“What an example. What a tour de force. What a life. What a loss. Game set and match Dr Phol.”—Richard Leplastrier.


The tributes are flowing fast and frequent for renowned Australian-architect, Indigenous housing expert and housing equality campaigner, Paul Pholeros who passed away on 1 February at the age of 62.

The architecture community took to social media yesterday to express their grievances and to pay their respects to one of the most important figures in activist architecture Australia has ever seen.


Pholeros was the co-director of Healthabitat, a not-for-profit organisation he founded with Dr Paul Torzillo and Stephan Rainow in 1999, which developed the now much-celebrated and highly successful Housing for Health (HFH) model for indigenous housing equality.

HFH was conceived as a mechanism to tackle the spread of sickness among Aboriginal people in the Anangu Pitjantjatjara lands in north-west South Australia. Healthabitat figured that fixing problems with badly built houses like poorly installed showers, kitchens, toilets, laundries and electricity could help reduce the rate of hospital admissions due to infectious diseases. The effect of the HFH model was profound.

As of June, 2015 it was estimated that Healthabitat had improved more than 8000 houses and the health of more than 50,000 Indigenous Australians. A survey by the NSW Department of Health also showed a 40 per cent reduction in hospital admissions in infectious diseases attributed to environment in the communities Healthabitat had worked in.

HFH was so successful it was also exported. Pholeros and his team at Healthabitat have since provided similar services to communities around the world including sanitation programs for Nepalese, Bangladesh, South African and Papua New Guinean villages, and a HFH project in Brooklyn New York.


A Life Fellow of the Institute, Paul Pholeros, along with Healthabitat, was the winner of the UN Habitat and Building and Social Housing Foundation’s 2011 World Habitat Award.

He was also appointed a Member of the Order of Australia in 2007 for “service to the community by improving the living conditions and, consequently, the health of Indigenous communities through the design, development and improvement of housing and the surrounding living environment and working with, and creating employment for local Indigenous people.”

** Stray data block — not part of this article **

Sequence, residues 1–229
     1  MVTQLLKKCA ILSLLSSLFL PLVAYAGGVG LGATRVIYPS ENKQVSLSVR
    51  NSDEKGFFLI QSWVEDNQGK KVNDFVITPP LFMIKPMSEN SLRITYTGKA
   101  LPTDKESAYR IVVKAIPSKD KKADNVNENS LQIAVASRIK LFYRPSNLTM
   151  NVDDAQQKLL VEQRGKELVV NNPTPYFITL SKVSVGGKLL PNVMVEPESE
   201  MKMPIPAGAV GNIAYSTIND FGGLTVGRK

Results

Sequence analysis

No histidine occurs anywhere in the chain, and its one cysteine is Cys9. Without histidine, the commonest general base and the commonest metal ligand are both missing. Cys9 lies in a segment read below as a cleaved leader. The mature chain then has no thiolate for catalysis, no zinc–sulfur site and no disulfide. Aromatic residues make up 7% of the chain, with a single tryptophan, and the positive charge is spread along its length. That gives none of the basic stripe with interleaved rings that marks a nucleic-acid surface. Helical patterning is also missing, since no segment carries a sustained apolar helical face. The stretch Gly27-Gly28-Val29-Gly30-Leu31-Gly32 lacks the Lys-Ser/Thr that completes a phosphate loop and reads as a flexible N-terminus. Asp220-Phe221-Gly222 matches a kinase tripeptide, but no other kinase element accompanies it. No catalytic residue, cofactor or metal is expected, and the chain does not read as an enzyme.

Beyond the influx of social media tributes, members of the Australian Institute of Architects, including National President Jon Clements, 2014 Gold Medallists and friends Phil Harris and Adrian Welke of Troppo Architects and Richard Leplastrier, 1999 Gold Medallist, also paid their respects yesterday in a special press release from the Institute:

“This is a very sad time and great loss for our community,” reads the statement from Clements.

“With his unwavering commitment to improving the lives of those living in disadvantaged communities around the world through his award-winning health and sanitation programs, Paul has long been a source of inspiration to us.

“Anyone who had the opportunity to hear him speak about his work, could not help but be moved, changed in some fundamental way.

“His exceptional work has made valuable impact in Indigenous and disadvantaged communities across Australia and around the world from Johannesburg to New York and will leave an enduring legacy on those who were fortunate enough to meet him and those who benefitted from his generosity.”

Harris and Welke add:

“In the politically charged world of Indigenous affairs, Paul never stepped back from simply telling it straight. As the best architect should be, he was a champion for his client. He was our mentor, our guide, and always our friend, with a twinkle in his eye and a self-deprecating quip at the ready.

“It is impossible to imagine his lean and taught bower and studio high on Bilgola Plateau – the platform refuge shared with his partner Sandra – without his big presence. It was here, between months on the road, surrounded by bush and a big view, he would recharge, to continue his polite but unwavering 30 year battle against the antipathy and prejudice that precludes our first Australians in sharing our society’s riches of housing, health and education.

“The torch will be carried on, for he has taught us well – but how well and with what authority is the question, and, for all of us, our individual challenge.”

Leplastrier also shared his thoughts:

“Dr Phol as he was lovingly known to so many of us, realised from the youngest age as a student that Aboriginal culture and the land was the spiritual backbone of this country.

“From that time on, he unrelentingly pursued its sustenance through his brilliant work with Indigenous communities. The background financial support for his Healthabitat practices has been provided by a series of small, modest beautiful buildings done by him over the years … thus showing us an exemplary ethic. What an example. What a tour de force. What a life. What a loss. Game set and match Dr Phol.”